As the economy emerges from the serious downturn inflicted by COVID-19, where is your business really at? And what conversations and material should you be having and obtaining from your accountant or bookkeeper to assess your business’s true state of affairs?

Consider the following three questions:

1. Do you know financially where you are at right now?

Obtain a Balance Sheet at a current point in time: It tells you what you own and what you owe. Run a Profit and Loss Statement (P&L) for a period of time up until the date of the Balance Sheet. We would suggest it covers the period of maximum COVID impact. For many, this will be from about 1 March 2020. The P&L tells you whether or not you were making a profit during that timeframe. This is the most basic of financial reporting, yet surprisingly many business owners do not regularly access and interpret this data.

2. Do you know where your business would have been, but for the COVID support measures from Governments, landlords, banks etc?

Assess the performance of your business, had it not been the beneficiary of government support and other relief measures. Here is how (note that you may know how to do this yourself, or you may need to get help from your accountant/ bookkeeper or have them do it):

Firstly, run a P&L from the onset of COVID impact. For many business this will be from 1 March to at least the end of October (be prepared to select an altered period as each business will likely have been impacted for differing periods of time and be in receipt of different relief measures).

Secondly, produce a new tailored report building on the P&L in step 1 to “normalise” the result for COVID Impact. You can do this by a simple export into Excel and make your adjustments from there, or you may be able to use accounting (or add-on) software that will allow you to build your own tailored report. A good format would be to show the actual P&L side by side with the normalised P&L, as this will highlight the difference between what the result was and what it could have been but for support measures.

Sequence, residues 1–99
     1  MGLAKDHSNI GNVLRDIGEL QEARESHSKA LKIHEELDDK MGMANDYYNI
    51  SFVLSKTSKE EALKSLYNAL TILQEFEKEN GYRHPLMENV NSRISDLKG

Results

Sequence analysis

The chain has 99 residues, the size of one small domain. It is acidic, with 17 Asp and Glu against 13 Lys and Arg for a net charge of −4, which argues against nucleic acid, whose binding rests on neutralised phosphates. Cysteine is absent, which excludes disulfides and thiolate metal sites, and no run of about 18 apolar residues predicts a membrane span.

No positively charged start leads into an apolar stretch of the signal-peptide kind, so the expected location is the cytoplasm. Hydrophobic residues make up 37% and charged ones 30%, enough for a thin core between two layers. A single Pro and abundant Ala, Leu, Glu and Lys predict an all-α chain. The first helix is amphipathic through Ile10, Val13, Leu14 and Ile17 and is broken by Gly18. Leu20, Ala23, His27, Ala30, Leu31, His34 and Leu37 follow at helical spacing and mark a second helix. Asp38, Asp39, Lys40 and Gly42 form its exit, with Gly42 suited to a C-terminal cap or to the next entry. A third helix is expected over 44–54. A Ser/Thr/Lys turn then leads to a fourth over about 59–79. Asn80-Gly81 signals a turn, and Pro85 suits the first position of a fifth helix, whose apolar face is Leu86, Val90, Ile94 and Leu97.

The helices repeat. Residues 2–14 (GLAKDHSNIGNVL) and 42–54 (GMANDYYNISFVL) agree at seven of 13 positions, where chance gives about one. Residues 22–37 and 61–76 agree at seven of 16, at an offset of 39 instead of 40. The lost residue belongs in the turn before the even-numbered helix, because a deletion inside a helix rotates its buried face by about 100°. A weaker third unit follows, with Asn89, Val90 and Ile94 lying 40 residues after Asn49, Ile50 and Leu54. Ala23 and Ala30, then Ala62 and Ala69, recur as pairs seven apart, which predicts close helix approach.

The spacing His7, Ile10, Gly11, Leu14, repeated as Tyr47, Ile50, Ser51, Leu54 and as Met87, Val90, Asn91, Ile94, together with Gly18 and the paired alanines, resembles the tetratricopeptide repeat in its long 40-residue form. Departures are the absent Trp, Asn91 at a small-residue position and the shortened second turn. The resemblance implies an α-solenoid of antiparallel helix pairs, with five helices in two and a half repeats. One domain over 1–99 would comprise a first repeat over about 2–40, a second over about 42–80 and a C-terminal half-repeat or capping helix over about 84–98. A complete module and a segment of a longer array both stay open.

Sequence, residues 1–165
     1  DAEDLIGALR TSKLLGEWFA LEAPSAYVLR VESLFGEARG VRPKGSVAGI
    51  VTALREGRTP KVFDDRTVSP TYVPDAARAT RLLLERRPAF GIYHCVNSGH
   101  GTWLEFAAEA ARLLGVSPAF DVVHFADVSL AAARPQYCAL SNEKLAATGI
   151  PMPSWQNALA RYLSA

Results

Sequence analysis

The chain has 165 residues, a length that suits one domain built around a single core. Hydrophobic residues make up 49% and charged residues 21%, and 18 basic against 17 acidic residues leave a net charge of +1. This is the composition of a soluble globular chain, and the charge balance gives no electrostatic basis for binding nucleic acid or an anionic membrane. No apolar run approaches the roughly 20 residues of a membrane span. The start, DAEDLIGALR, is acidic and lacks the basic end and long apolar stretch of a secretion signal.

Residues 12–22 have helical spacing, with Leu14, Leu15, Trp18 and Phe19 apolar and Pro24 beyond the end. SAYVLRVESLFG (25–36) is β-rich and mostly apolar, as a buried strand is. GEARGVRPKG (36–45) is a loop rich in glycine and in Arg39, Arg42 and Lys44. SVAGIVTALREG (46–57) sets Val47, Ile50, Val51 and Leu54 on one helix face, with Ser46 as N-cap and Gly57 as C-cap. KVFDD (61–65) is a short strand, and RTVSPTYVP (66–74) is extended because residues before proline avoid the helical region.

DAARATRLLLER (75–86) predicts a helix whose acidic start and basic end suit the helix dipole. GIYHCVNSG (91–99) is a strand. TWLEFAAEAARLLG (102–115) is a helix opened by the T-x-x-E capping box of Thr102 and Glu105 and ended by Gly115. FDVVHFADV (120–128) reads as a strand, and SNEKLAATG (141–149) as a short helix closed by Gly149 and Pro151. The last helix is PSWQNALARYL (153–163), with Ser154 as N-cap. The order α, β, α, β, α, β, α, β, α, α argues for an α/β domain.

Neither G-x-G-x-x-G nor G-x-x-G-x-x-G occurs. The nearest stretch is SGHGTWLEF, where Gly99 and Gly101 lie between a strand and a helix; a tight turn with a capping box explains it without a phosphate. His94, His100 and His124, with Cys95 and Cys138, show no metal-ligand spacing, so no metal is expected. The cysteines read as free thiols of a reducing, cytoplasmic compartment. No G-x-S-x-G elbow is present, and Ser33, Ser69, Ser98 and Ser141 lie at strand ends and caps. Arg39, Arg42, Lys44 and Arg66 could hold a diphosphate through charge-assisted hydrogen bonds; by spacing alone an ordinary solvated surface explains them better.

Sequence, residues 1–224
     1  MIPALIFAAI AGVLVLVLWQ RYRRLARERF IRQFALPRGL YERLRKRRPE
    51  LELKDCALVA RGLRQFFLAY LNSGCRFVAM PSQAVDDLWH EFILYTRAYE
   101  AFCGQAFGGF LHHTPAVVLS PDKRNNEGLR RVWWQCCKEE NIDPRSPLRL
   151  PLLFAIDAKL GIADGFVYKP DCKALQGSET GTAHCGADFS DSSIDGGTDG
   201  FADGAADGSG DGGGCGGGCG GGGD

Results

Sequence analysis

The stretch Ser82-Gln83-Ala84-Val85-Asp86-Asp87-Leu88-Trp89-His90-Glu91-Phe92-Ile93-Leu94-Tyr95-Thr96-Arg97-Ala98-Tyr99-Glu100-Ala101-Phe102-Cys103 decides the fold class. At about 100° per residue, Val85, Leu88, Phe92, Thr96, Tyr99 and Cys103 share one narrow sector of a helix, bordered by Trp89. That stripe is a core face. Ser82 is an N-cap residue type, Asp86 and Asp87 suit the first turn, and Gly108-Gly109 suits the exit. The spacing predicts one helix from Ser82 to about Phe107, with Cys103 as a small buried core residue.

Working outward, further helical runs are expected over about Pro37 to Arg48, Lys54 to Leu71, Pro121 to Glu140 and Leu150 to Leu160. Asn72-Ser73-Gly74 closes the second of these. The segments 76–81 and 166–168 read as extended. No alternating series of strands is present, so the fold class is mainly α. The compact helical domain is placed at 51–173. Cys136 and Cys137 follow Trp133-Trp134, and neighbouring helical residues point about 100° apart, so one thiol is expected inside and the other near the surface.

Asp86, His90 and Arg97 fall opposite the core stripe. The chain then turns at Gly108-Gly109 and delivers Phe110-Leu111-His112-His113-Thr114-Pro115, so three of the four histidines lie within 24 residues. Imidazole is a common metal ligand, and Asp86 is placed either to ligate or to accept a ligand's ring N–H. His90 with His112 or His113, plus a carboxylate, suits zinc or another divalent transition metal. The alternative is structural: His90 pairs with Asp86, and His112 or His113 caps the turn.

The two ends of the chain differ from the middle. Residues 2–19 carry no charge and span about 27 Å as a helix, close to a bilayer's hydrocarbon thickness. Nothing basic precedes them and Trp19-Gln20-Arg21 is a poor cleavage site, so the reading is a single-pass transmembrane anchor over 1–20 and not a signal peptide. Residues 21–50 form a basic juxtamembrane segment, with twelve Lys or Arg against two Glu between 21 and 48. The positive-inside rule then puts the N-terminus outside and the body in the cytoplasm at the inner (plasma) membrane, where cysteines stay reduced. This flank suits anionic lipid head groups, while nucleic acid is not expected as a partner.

Methodically work through the P&L and remove income items that comprise financial support (e.g. Cashflow Boost, JobKeeper, payroll/land tax relief etc.). Review items of expenditure for those that are artificially low and will return to a “normal” level. For example, subsidised rent, labour temporarily stood down or temporary wage reductions.

Thirdly, analyse the report in 2 as it should give you an indication as to how you will have performed but for relief measures and abnormal expenditure levels. If the adjusted P&L shows a loss or maybe a marginal profit, then this should be a prompt for your business to take action.

It means that unless the business improves its performance, it will be operating at poor or deteriorating levels and there could be a financial iceberg approaching. For these businesses, the logical question to ponder is: “Where do I need to be in order to survive and prosper”?

3. Where do you need to be in order to survive and prosper?

Budgeting and planning is the answer here. Projections of the future will allow you to report two very important outcomes that can serve as critical Key Performance Indicators (KPIs) for your business as it emerges from the period of COVID disruption:

A BREAK-EVEN ANALYSIS:

You need to understand what activity level needs to be met in order to cover costs. The break-even analysis should be expanded to cover any Balance Sheet commitments that may not be an expense, but which must be funded such as debt reduction. It is important to break down the targeted activity to a granular level that you can comprehend and focus on (e.g. sales per day, units sold per day or jobs completed per day etc.).

FAIR RETURN BUDGET:

You need, as a business owner, to understand what activity level needs to be met that incorporates a fair return to yourself as the owner commensurate with your financial investment in the business as well as the business risk you are taking. Again set activity levels at a granular level to assist you to drive achievement of the KPI levels set.

 

This information is provided by Australian Bookkeepers Network Pty Ltd
www.austbook.net